Belfast Telegraph

Saturday 22 November 2014

It’s Balmoral at the gallop as show launches in a downpour

Jill McAllister (right) attempts to keep control of her Clydesdale horse during a photocall at the launch of the Balmoral Show in Belfast.   March 30, 2010
Jill McAllister (right) attempts to keep control of her Clydesdale horse during a photocall at the launch of the Balmoral Show in Belfast. March 30, 2010
Sophie McAllister (3) getting a peck on the lips from a Billy goat at the launch of the Balmoral Show at the King's Hall
Sophie McAllister aged 3 at the launch of the Balmoral show in the King's Hall
Robert Wallace, 13, and his brother Tristan, 6, Shelter from the rain at the launch of the Balmoral Show in Belfast
Ulster Bank's Henry Elvin along with two young lamas help launch the 2010 Balmoral Show
Jill McAllister attempts to keep control of her Clydesdale horse during a photocall at the launch of the Balmoral Show in Belfast
Attractions Co-ordinator, Jenny McNeill, during a photocall at the launch of the Balmoral Show in Belfast
Robert Wallace aged 13 with his brother Tristan aged 6 on their Donkey Dennis at the launch of the Balmoral show
Sophie McAllister aged 3 at the launch of the Balmoral show in the King's Hall

Heavy rainfall drove lambs, miniature horses and Clydesdales under cover at the launch of the 2010 Balmoral Show.

And the organisers of Ireland’s biggest agricultural show have their fingers crossed that they won’t see a repetition of events 17 years ago, when snow fell on the third day of the show — in May.

This year’s show, scheduled for May 12-14 in Belfast, has attracted record numbers of trade exhibitors, said Royal Ulster Agricultural Society chief executive Colin McDonald.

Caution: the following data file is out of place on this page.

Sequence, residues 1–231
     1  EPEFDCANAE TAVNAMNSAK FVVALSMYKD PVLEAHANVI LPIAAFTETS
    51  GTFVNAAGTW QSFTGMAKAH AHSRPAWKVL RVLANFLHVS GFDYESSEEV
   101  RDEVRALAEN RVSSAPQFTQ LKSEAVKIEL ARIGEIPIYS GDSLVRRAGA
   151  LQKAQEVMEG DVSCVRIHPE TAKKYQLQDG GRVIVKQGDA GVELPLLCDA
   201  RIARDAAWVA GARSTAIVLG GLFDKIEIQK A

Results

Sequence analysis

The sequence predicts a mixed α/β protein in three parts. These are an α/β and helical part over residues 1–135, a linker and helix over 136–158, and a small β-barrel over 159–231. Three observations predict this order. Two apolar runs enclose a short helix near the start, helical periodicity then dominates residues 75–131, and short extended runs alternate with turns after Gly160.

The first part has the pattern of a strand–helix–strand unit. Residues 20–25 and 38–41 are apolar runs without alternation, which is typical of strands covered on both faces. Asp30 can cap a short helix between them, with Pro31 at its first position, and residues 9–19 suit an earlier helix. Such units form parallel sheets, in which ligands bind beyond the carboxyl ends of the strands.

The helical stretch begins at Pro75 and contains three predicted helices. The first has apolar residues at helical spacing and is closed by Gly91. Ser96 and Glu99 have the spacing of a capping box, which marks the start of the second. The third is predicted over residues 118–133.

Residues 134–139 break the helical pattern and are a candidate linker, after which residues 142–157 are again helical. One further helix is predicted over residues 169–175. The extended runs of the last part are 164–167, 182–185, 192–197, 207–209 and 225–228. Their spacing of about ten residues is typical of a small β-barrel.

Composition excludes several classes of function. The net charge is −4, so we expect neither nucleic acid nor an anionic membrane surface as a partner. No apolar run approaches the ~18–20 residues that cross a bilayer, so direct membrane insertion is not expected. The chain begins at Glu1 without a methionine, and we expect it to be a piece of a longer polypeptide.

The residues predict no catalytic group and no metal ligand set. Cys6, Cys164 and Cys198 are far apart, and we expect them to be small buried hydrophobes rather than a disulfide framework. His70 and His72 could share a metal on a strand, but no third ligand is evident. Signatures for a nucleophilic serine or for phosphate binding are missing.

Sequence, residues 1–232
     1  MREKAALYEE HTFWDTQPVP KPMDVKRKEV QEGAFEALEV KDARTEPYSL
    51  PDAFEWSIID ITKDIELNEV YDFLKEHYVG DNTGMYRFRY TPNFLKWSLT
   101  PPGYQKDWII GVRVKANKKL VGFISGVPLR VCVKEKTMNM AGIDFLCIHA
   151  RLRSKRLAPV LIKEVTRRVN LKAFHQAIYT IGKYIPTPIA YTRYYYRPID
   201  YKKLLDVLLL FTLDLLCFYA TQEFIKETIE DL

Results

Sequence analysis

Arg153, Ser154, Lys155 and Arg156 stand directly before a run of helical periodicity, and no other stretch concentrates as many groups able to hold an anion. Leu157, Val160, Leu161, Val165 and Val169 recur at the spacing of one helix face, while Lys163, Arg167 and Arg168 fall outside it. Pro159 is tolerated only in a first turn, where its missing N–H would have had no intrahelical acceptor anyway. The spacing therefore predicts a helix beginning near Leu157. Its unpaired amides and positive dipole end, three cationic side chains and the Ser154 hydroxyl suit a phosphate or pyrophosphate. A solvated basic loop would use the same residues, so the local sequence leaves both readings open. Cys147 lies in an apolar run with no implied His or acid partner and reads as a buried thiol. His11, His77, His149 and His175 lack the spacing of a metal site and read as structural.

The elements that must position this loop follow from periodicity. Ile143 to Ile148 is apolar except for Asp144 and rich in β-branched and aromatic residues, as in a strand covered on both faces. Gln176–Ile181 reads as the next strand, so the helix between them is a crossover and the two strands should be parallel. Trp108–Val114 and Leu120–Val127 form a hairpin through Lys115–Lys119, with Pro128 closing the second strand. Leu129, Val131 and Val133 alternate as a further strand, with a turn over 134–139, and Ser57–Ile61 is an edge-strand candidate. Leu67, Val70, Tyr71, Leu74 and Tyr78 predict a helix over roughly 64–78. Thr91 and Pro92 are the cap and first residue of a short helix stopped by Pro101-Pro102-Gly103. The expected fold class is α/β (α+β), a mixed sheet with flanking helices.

“Not long ago, agriculture in Northern Ireland was being viewed as a sunset industry,” Mr McDonald said at the Balmoral Showgrounds.

“Now there is a new dawn. Agriculture is an anchor for the economy in these turbulent times.”

Fresh investment will see the show open up previously underused space to offer a new pig and goat ring, a marquee for more beef cattle and a new sand practice/warm-up area at the arena.

This year’s programme features extreme sports demonstrations, dancing dogs and Bob the Builder, and nearly 600 livestock classes will include new events such as the Ridden Clydesdale and miniature horse classes.

Mr McDonald said: “In traditional Balmoral style, the 2010 show has a dynamic programme of events offering its usual extravaganza of activity, competition and showmanship. With a full house in terms of exhibitors and displays, we have plenty to offer people from town and country.”

Equestrian attractions will include international showjumping, inter-hunt chase, pony club games and many horse classes from Working Hunter Ponies to Clydesdales and Cobs to Yearlings.

Old favourites such as the Dog Agility Competition and the Sheepdog and Duck Display will be complemented by new attractions including Team Extreme and the Top Lodge Dancing Dogs.

Back by popular demand is Motocross display team The Bolddog Lings. For the first time in Northern Ireland, the team will attempt to make a 75ft jump with a motorbike at the show.

More than 50 food producers will form the biggest Food Village the Balmoral Show has seen to date, offering visitors a chance to try and buy quality local produce. Tasting sessions and cookery demonstrations will be put on by celebrated Taste of Ulster chefs.

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